Third Eye Shoppe

Third Eye Shoppe
Head shop
Founded July 1, 1987; 31 years ago (1987-07-01) in Portland, Oregon, United States
Defunct March 31, 2017 (2017-03-31)
Headquarters 3950 Southeast Hawthorne Boulevard,

Portland, Oregon

,

United States
Owner Jack Herer (1987–2001); Mark Herer (2001–2017)

Third Eye Shoppe, commonly known as The Third Eye, was a head shop in Portland, Oregon‘s Hawthorne district and Richmond neighborhood, in the United States. The shop was founded in 1987 and owned by cannabis and counterculture activist Jack Herer. His son, Mark Herer, took over as the shop’s owner in 2001. The Third Eye closed on March 31, 2017, as a result of declining sales, development of the surrounding neighborhood, increasing health care costs, and increased competition. The shop was associated with Portland’s cannabis culture and recreational drug tourism, and was included in Willamette Week's annual “Best of Portland” reader’s poll several times.

Description[edit]

The Third Eye was a head shop on Southeast Hawthorne Boulevard, near its intersection with Southeast Cesar Chavez Boulevard, in southeast Portland’s Richmond neighborhood. The store sold common head shop paraphernalia, including: bongs, books, bumper stickers, clothing, crystals, Grateful Dead and Jerry Garcia memorabilia, hookahs, incense, posters, rolling papers, tie-dyed shirts, and vaporizers.[1][2][3]

According to The Oregonian, The Third Eye was also a “link to the city’s lively and long history with marijuana activism”.[1] The store was owned by cannabis and counterculture activist Jack Herer (1939–2010).[4] Herer’s son, Mark, who later owned the shop, described The Third Eye as “a hippie, Grateful Dead department store”.[1] Cannabis activist Russ Belville compared the establishment to a “Prohibition-era speakeasy“.[1] Images of Garcia and Herer were displayed to “keep watch over the shop”.[1]

History[edit]

Photograph of a bearded man; he is wearing glasses and a watch, and holds in his hands a colorful poster depicting the comic character Freewheelin' Franklin

Cannabis activist Jack Herer (pictured in 1989) owned The Third Eye until his son, Mark, took over in 2001.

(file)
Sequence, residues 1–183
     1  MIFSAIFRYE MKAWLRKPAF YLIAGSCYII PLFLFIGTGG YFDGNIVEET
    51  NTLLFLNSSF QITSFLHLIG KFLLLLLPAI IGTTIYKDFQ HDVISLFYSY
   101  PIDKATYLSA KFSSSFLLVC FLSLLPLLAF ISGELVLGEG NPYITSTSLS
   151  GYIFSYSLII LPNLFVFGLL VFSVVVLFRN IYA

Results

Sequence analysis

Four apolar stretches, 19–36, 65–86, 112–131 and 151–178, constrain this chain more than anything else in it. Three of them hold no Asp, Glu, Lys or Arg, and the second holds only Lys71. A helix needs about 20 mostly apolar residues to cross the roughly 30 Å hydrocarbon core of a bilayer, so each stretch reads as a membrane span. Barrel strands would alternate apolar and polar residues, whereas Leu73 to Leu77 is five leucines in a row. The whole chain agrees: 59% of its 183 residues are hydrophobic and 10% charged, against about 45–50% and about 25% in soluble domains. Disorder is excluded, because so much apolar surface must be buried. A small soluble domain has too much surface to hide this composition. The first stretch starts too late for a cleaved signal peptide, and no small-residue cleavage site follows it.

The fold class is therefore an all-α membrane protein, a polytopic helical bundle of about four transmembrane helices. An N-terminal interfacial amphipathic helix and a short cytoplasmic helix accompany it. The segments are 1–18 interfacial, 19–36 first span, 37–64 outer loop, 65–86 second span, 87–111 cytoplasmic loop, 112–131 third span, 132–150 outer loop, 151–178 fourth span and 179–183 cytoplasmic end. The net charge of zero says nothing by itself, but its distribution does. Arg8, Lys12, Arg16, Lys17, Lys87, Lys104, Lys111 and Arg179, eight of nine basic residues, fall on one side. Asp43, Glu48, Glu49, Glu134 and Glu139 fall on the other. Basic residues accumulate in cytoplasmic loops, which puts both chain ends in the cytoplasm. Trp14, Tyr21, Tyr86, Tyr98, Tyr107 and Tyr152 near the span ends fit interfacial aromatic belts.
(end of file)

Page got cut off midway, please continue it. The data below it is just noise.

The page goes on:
In the late 1980s, Jack Herer and his friend “Captain” Ed Adair purchased the “funky” building that would house The Third Eye, which formerly served as a two-story house, for around $100,000.[1] The shop opened on July 1, 1987,[5] and became known for its “eye-catching” exterior.[6][7]

Madeline Martinez recalls drafting Oregon Ballot Measure 67—which modified state law to allow the cultivation, possession, and use of cannabis by doctor recommendation for patients with certain medical conditions, after passing in 1998—on the shop’s second floor, alongside other cannabis activists. She has said, “A lot of the beginnings of the movement itself took place in that building.”[1]

In 2001, Mark Herer, took over as owner of The Third Eye.[5] The store thrived during the 2000s, and employed as many as a dozen employees, each of whom received health insurance benefits. However, business declined sharply in 2016, and Herer estimates a loss of $500,000 in sales compared to 2015 because of competition from local cannabis stores and head shops, as well as online retail outlets.[1][6]

In March 2017, The Third Eye announced its closing at the end of the month (March 31). Herer said the decision to close the shop was difficult, but “necessary as sales have steeply declined in recent years”.[1] In addition to lower sales, road construction,[6] the development of the surrounding neighborhood, increasing health care costs,[8] and “changing tastes and preferences of the modern cannabis consumer” were cited as reasons for the closure.[1][7][9] Russ Belville called the closure “a natural evolution” of the cannabis movement which, according to The Oregonian, “in recent years has tried to shed its counterculture associations to appeal to a more mainstream audience”. Belville said, “[The store is] just a relic from another era where those of us in the cannabis community were always outlaws.”[1]